Yesterday, the House Judiciary Committee held a hearing on copyright reform - one of many since the SOPA bill met strong public resistance two years ago. One of the proposals outlined yesterday was a modification of the current "safe harbors" as described in the Digital Millenium Copyright Act (DMCA).
To understand the potentially devastating effect of the changes, you first need to understand the "notice and takedown" components of the DMCA. The way it works now is when a piece of copyrighted material is uploaded to, say, a web forum, the site host is inoculated from a lawsuit if they didn't know it was up there and it is removed promptly. The DMCA was specifically signed to be business friendly and limit a company's liability.
As Techdirt reports, a new proposal replaces "notice and takedown" with "notice and staydown." The change would be that once a piece of offending content is removed, the host is now legally responsible for preventing it from ever being uploaded again. As Techdirt notes, that's basically impossible.
This may sound good if you're not very knowledgeable about (a) technology and (b) copyright law. But if you understand either, or both, you quickly realize this is a really, really stupid solution that won't work and will have all sorts of dangerous unintended consequences that harm both creativity and the wider internet itself.
To police for content like this would basically require websites to either no longer allow people to upload content (which is how every site we use regularly functions these days - think instagram, twitter, facebook) or to build a massive budget into every website to police for content that has already been removed so that it is not re-uploaded.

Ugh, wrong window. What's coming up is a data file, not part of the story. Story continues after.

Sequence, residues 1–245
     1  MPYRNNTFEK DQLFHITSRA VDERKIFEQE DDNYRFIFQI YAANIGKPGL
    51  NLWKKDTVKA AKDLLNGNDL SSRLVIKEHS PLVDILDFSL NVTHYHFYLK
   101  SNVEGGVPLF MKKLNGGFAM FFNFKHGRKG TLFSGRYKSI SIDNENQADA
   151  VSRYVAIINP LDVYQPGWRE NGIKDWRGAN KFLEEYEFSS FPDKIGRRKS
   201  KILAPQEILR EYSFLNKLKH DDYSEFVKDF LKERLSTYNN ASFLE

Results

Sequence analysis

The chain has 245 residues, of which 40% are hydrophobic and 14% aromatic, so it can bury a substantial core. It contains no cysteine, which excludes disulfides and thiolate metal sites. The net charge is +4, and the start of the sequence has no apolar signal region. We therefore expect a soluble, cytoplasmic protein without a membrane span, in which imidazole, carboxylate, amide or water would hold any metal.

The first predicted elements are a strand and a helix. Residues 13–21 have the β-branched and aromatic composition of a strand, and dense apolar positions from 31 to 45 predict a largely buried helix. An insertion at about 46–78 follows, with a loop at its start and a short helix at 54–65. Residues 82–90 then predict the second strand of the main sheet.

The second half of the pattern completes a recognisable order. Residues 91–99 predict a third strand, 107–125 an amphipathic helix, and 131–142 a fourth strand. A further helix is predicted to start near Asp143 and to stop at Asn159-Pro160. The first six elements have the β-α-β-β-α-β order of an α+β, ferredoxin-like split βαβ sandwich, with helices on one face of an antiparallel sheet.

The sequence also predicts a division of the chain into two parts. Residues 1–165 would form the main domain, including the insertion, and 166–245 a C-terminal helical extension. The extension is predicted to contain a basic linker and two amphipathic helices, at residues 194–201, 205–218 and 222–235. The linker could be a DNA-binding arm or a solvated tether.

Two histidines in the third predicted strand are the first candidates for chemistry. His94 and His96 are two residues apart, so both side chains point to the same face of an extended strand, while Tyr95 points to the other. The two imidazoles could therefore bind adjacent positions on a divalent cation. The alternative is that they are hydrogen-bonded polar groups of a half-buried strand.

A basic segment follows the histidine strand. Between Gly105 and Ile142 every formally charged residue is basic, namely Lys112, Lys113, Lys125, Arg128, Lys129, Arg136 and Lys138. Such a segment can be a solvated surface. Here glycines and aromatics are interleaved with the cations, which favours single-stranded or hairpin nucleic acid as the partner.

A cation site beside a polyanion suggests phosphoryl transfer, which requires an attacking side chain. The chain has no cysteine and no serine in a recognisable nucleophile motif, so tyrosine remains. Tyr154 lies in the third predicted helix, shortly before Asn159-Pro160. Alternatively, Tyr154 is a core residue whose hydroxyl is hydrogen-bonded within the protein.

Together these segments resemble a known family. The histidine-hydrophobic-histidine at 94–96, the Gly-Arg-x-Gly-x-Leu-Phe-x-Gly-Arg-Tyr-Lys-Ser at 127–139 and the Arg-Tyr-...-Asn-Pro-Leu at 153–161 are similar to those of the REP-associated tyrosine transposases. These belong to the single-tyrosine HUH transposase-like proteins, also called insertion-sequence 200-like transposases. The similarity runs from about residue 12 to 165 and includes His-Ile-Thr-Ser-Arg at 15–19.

I understand why content owners want to do this - it would be nice to only have to send a takedown once and never have to worry about it ending up on that site again. But technically that's just impossible. Websites like Soundcloud and YouTube have algorithms that detect both audio and video images right now, to automate their prevention of copyright infringement, but the detection algorithms are easily fooled. YouTubers often flip the image of a movie horizontally to fool the YouTube one, and I have heard of people adding flutter to samples to keep the audio detection on Soundcloud from detecting them. Just the other day, a podcast that I like played a copyrighted song and the hosts just sang over it to make sure they'd beat the detection system.
Techdirt describes this as SOPA 2.0, which I think might be a little strong. SOPA had a number of pretty vicious tactics baked into it to keep websites from infringing. But this proposal is definitely of a piece with SOPA - a totally unworkable solution from a technical standpoint that puts the onus on website owners and essentially breaks the sharing components of the internet.
The likelihood of this making it into law is unclear. As I mentioned, SOPA received quite a bit of popular resistance. But this move telegraphs that the content owners, after all these years, still haven't come up with a better way of policing content. And their preferred method is just incompatible with the internet as it exists today.